Without funding, Utah may close some state parks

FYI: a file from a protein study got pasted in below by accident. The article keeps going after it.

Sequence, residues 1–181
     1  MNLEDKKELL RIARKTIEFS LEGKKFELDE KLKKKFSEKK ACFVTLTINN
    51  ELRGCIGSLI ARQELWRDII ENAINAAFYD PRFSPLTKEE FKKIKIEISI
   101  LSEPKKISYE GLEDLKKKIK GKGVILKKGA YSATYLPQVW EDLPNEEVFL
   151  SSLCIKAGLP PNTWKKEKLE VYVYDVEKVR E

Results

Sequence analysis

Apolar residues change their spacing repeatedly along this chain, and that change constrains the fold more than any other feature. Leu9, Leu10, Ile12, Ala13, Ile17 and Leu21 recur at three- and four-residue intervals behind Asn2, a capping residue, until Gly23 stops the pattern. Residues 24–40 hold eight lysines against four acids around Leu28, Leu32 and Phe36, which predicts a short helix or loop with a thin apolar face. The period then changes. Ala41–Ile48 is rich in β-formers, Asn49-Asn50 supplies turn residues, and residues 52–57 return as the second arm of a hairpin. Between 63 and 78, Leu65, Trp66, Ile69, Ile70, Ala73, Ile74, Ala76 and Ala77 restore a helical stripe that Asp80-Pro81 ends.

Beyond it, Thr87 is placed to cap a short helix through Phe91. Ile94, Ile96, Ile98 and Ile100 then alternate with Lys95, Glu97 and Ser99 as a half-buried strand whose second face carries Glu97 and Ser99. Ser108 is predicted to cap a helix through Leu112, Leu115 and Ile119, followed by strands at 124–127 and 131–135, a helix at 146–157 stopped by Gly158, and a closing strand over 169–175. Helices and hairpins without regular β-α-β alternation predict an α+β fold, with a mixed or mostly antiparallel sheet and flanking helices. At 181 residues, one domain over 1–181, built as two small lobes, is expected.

SALT LAKE CITY (AP) — Some state parks may be closed and others privatized if Utah lawmakers don’t provide additional funding in next year’s budget, officials warned lawmakers during a legislative committee this week. The state parks need about $3 million in funding to simply keep parks operating, Director Mary Tullius said. That amount of money was given by the Legislature for this year, but it was not ongoing money. Tullius said 23 full-time employees have already been laid off and operational hours reduced because of budget cuts in previous years. That has impacted everything from law enforcement to maintenance at the 43 state parks. Steps have been taken in recent months to further reduce overhead, such as coordinating with local governments or contracting with private businesses. But efforts to turn some parks over to county governments failed to garner any interest among the 21 councils and commissions they contacted, Tullius said. Some parks are being pushed to cover their own operational costs, such as those with golf courses. But Tullius said that is not an immediate fix, especially without greater flexibility to increase fees. “This has been something that state parks and a lot of folks have struggled with for a long time,” Tullius said. Michael Styler, the director of the Department of Natural Resources, said the state parks should be given the ability to raise rates “like a Marriott” during peak seasons or weekends. Hardest hit could be the heritage parks that have historical or cultural value, but don’t generate heavy traffic and generally need larger subsidies to continue operating, Styler said. The loss of those types of parks concerned Rep. Evan Vickers, R-Cedar City, who said lawmakers needed to spend the money needed to keep them open. “These aren’t going to be self-sustaining in some cases … but some things you can’t put a price tag on,” Vickers said. “When you talk about the education aspect of things, you cannot put a price tag on it.”

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